Wednesday, August 17, 2011

The Death Of Grace

The Death of Grace

by Mark Lee -
17 06 2011
           Last night I witnessed the death of grace in a church, the church I and my family have attended for the past 7 years.

          The setting was a congregational meeting with the sole purpose of determining whether or not the pastor of the church had the confidence of her members to remain as pastor. The church had become fractured with some members seeking to move forward in a new vision. A vision that sought to reach out to people in the community with love, mercy and grace. This coalition of believers held to the message that God wants us to love all people and extend that love in new and innovative ways. They were not compromising the Word, they were embracing it. They had come to realize that being a Bible believing church meant more than just solid exegetical teaching, it meant living it out in love.

           The other faction looked as if it clinging to what they believed was the pure Word of God, and holiness, and being separate. It seemed to appear that they did not have time nor care for things like mercy and grace, fellowship or unity. Their focused had the appearance of single-minded determination to save the church, from a liberal slide they perceived as a threat to their ideology of tradition, and rigidity.

          The pastor, in spite of much conversation and prayer and intervention, seemed to align with the latter side. This occurred even though most of the leadership team he headed stood in the former camp.

          Thus the meeting.

          It looked as if some politicking may have been going on behind the scenes as person after person spoke in glowing terms of the pastor’s herculean ability to juggle the word of God with passion and conviction. But no one on either side was contesting his Biblical preaching ability. What was contested was his ability to trust the leadership in the church without intervening and thwarting a persons ministry. What was also contested was his inability to shepard the flock out of a heart of grace and mercy, and his unwillingness to accept new ways of outreach.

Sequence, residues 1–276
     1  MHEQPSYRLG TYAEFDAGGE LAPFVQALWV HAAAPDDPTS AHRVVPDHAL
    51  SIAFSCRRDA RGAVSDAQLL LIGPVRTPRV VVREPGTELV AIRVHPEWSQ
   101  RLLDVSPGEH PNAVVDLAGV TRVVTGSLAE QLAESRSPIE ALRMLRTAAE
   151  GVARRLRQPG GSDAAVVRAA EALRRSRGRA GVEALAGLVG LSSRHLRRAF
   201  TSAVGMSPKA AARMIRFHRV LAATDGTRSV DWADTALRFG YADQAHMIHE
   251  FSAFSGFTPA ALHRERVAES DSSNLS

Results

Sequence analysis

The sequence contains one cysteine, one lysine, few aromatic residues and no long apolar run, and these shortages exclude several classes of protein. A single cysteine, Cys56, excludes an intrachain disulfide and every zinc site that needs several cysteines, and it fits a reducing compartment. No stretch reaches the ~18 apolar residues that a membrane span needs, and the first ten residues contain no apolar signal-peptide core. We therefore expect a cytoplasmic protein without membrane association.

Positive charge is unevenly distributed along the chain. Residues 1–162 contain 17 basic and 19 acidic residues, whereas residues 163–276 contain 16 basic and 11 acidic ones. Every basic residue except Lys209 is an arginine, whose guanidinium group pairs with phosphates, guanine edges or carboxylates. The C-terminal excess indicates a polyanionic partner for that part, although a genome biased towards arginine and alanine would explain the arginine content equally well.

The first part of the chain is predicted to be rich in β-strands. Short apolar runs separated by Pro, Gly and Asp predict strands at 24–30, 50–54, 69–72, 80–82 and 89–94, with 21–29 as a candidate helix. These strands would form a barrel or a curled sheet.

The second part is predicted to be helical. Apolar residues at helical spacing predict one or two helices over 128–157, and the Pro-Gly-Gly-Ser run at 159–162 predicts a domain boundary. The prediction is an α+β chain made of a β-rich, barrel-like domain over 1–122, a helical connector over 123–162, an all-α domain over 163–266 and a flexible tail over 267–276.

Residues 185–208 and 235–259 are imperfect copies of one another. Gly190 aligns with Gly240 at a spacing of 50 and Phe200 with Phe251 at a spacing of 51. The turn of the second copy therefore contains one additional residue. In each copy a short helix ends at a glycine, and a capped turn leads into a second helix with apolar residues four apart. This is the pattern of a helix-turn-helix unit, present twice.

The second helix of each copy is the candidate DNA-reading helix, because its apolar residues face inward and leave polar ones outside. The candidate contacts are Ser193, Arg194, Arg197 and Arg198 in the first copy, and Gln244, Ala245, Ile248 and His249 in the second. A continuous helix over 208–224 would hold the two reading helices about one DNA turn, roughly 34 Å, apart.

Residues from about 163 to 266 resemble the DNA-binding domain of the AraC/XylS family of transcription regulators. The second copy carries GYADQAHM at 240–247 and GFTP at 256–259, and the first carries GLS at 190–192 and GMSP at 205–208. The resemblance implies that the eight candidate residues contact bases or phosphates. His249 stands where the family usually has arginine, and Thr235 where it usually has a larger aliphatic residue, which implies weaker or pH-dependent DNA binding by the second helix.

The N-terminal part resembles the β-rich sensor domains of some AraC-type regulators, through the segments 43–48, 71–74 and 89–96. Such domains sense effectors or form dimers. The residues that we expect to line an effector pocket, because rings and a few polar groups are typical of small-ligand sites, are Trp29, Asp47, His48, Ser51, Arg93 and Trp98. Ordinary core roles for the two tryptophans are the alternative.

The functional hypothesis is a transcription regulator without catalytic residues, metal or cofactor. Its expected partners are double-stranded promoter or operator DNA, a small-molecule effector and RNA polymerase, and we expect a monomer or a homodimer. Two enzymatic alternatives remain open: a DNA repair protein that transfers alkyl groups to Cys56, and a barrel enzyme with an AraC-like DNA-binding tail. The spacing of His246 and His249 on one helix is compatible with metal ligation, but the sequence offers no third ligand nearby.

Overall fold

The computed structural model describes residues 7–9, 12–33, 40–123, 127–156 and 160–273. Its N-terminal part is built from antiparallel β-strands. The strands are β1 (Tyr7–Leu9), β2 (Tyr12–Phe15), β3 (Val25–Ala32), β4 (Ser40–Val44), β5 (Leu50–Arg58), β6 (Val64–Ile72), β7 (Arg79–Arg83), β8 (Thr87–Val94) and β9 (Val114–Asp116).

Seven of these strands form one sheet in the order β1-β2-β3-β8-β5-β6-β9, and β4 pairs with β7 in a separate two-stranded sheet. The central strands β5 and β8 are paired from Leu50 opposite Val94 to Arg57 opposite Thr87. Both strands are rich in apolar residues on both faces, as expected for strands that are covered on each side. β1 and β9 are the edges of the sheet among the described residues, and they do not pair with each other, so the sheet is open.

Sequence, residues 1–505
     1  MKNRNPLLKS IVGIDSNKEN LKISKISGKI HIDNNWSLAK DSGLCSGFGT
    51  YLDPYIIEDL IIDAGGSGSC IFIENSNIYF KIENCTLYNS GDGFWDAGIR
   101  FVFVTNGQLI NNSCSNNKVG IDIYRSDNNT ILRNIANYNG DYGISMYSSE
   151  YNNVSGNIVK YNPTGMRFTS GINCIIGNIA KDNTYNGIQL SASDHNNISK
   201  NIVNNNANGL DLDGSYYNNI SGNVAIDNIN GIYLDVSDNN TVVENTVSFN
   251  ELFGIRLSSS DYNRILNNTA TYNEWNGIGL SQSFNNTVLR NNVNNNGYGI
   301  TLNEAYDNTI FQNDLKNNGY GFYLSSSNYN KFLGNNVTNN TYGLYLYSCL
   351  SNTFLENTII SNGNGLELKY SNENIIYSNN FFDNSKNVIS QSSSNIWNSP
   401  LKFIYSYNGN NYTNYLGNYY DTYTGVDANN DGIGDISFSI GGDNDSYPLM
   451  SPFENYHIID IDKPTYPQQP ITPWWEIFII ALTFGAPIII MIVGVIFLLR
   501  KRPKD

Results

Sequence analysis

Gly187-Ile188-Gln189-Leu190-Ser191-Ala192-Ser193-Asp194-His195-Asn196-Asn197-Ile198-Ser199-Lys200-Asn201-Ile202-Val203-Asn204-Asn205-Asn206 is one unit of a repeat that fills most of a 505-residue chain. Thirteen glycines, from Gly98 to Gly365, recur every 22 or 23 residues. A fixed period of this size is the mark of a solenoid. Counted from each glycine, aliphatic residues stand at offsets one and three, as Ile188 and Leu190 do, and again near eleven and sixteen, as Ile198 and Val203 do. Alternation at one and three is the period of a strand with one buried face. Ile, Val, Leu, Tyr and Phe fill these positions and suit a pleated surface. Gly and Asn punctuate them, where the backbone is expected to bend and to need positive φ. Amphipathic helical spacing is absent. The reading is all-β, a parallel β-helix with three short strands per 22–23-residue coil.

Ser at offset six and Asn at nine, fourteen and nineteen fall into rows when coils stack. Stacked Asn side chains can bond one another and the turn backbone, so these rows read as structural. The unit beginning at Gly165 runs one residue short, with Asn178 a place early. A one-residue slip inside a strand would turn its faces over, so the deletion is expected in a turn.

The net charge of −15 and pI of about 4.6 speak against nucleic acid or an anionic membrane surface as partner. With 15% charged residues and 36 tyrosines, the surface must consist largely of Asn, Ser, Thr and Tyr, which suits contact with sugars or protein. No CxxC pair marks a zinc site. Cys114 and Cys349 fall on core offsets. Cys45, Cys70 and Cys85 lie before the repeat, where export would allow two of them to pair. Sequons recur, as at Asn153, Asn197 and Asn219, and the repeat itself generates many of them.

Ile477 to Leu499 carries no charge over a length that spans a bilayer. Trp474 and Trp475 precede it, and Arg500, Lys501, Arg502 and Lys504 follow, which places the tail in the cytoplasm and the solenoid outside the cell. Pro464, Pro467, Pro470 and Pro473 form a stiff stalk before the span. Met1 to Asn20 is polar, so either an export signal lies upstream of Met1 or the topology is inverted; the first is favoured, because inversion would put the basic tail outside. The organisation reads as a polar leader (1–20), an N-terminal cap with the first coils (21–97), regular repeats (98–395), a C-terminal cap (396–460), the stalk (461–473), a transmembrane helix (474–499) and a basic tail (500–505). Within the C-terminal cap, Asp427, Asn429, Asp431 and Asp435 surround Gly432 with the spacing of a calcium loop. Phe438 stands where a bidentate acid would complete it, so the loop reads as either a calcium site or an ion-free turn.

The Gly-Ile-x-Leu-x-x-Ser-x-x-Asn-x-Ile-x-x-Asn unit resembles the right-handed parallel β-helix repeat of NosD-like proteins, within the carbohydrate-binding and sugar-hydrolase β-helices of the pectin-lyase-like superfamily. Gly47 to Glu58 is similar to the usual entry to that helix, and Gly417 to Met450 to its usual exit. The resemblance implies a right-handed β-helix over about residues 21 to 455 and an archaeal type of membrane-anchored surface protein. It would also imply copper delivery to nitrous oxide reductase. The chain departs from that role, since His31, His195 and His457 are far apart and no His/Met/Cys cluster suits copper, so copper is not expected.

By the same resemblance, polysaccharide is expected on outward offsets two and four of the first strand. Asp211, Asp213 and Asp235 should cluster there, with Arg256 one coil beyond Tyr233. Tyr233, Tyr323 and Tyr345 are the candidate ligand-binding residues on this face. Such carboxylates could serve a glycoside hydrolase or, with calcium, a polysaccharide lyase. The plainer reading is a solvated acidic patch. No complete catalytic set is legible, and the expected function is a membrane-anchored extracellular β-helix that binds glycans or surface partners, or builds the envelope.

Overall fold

In the end, fundamentalism won. Those unaware of the back story will remain ignorantly unaware. Those with the perceived agenda to take the church back to the days of  striving for self-induced holiness, and self-inflicted purity without an understanding of the importance of  Jesus and the cross and grace and mercy and forgiveness that leads to greater holiness and purity, have prevailed.

          What is lost is freedom in Christ, and  the joy in knowing that, even if you screw up God is there, telling you He is not angry with you as He picks you up and puts you back on the path.

          That is what is lost, so for today I weep for those left behind, that will suffer under the heavy thumb of the pharisees. 

          The lamp has gone out, and grace has died.

Once is too often, but here goes yet another church.

Dreadfully sad. The dividing line-- the compassion of Christ and our mandate to reach out with compassion to help at the points of pain in our fallen world. 

The Early Church would have died if this battle had been lost in the apostles days.  Yes, the battle was around then.  I underlies much of the New Testament writings.  It was framed by the opposition back then as today as a battle for purity and the Word.  The compassion of Christ or the battle for purity and the Word. Back then the answer was not either/or. The answer was both/and, both/plus.

The battle was/is around. But - the true Church of Christ marches on!

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